Though promising, these results need to be borne out by studies with a larger and more diverse group, including men, who make up 10% to 25% of fibromyalgia patients, says Robert Shmerling, MD, an associate professor at Harvard Medical School and the clinical chief of rheumatology at Beth Israel Deaconess Medical Center, in Boston.
Future studies will also need to test the yoga program against other types of interventions, rather than the participants’ existing treatment. Carson and his colleagues couldn’t rule out the possibility that participating in the yoga classes caused a response, similar to the placebo effect, that improved symptoms over and above the effects of the yoga itself.
Still, the study adds to a growing body of evidence that suggests that gentle exercise could be a valuable treatment for fibromyalgia. Yoga reduced the symptoms of fibromyalgia patients in a 2007 study, and in August of this year, a study in the New England Journal of Medicine found that tai chi similarly eased symptoms.
The yoga and tai chi studies could help build interest in alternative therapies for fibromyalgia, Dr. Shmerling says. “They will get the neutral doctors and even the doubters into the camp of, ‘Why not try this?’”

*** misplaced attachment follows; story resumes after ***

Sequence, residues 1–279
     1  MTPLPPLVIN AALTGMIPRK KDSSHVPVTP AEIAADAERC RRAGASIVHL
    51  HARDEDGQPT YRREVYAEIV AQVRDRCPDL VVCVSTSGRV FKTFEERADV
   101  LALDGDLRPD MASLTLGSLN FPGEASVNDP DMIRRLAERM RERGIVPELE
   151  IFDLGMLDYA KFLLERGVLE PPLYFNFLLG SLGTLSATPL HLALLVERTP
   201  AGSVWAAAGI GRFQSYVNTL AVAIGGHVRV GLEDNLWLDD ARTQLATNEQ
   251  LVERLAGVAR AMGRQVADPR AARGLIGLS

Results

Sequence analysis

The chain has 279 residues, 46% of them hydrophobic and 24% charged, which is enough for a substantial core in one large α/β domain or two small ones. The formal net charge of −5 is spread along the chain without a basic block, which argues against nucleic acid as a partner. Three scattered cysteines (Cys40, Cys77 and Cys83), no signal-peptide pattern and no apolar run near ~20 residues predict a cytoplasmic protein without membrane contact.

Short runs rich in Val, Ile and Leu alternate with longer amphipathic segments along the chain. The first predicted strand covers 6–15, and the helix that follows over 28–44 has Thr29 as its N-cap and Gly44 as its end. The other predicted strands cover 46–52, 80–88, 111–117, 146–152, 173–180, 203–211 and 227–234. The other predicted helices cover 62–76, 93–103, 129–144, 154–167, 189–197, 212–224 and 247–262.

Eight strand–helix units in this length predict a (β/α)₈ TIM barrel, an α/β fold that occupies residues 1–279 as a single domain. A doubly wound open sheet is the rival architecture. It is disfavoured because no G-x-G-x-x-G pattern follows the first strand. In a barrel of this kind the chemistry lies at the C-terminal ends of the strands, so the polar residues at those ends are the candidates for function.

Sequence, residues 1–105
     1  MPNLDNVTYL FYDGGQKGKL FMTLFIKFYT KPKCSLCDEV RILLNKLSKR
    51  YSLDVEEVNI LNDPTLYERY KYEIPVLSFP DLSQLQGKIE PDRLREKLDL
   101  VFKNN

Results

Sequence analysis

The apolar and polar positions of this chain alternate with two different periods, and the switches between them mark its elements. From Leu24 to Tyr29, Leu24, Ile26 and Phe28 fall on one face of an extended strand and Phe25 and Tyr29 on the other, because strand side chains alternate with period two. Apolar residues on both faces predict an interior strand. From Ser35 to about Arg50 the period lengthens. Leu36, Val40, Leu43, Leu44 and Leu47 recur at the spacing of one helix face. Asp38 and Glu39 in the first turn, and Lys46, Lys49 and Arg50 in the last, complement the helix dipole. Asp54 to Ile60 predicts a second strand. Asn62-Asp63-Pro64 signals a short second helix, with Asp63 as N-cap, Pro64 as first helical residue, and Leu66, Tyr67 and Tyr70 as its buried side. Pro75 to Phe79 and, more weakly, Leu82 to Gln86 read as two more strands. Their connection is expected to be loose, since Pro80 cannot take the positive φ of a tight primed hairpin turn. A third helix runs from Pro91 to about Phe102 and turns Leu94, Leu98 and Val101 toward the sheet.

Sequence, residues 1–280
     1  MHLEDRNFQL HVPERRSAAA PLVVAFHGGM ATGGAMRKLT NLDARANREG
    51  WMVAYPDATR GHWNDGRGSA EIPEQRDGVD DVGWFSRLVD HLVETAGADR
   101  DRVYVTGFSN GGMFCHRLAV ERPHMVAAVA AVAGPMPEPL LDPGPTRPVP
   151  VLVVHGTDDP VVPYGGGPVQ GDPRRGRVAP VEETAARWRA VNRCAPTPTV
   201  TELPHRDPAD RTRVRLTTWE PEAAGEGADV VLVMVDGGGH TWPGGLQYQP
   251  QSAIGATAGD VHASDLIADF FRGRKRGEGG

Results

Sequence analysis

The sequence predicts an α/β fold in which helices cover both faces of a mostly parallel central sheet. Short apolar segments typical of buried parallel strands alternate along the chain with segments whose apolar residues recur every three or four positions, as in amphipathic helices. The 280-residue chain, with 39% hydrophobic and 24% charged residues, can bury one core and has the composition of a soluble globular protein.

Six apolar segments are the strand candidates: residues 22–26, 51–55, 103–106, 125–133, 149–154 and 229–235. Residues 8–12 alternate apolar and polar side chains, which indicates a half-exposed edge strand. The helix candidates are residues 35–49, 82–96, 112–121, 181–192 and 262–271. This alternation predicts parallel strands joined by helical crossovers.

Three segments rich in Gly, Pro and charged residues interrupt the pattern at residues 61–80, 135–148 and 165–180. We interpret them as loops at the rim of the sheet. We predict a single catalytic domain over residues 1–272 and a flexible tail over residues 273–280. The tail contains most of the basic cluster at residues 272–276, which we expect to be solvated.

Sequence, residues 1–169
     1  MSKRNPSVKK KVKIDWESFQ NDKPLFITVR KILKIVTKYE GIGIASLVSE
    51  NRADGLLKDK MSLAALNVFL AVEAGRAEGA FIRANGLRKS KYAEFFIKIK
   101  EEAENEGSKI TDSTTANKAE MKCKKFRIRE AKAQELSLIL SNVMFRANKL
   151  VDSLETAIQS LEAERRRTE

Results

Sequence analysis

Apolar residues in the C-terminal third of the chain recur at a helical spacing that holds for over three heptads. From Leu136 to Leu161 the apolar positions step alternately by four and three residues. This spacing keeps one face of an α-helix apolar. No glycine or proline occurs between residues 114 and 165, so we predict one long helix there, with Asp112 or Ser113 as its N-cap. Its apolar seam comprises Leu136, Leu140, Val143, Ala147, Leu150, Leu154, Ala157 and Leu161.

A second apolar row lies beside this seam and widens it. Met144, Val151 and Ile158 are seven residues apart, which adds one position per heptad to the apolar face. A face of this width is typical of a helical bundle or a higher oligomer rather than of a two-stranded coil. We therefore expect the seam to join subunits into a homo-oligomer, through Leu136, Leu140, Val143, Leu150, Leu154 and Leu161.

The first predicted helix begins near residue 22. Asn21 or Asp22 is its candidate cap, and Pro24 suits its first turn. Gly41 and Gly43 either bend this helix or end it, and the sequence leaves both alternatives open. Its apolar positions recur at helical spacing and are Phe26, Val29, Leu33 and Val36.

Most physicians are interested in prescribing a combination of medication and alternative therapies for fibromyalgia, although a new crop of prescription drugs that are expected to become available in the coming years may temporarily shift attention back to medical treatments, Dr. Shmerling adds.
Carson is planning a larger study that will use sensory tests to explore how exactly yoga might improve fibromyalgia. “We believe that it probably changes [central nervous system] responses to pain signals,” he says.
Fibromyalgia patients who are interested in trying yoga should look for a class that focuses on low-impact poses and an instructor who has experience working with pain patients, Carson says. And because classes that incorporate other coping strategies are hard to find, he recommends complementing yoga with a meditation course at a community or health center.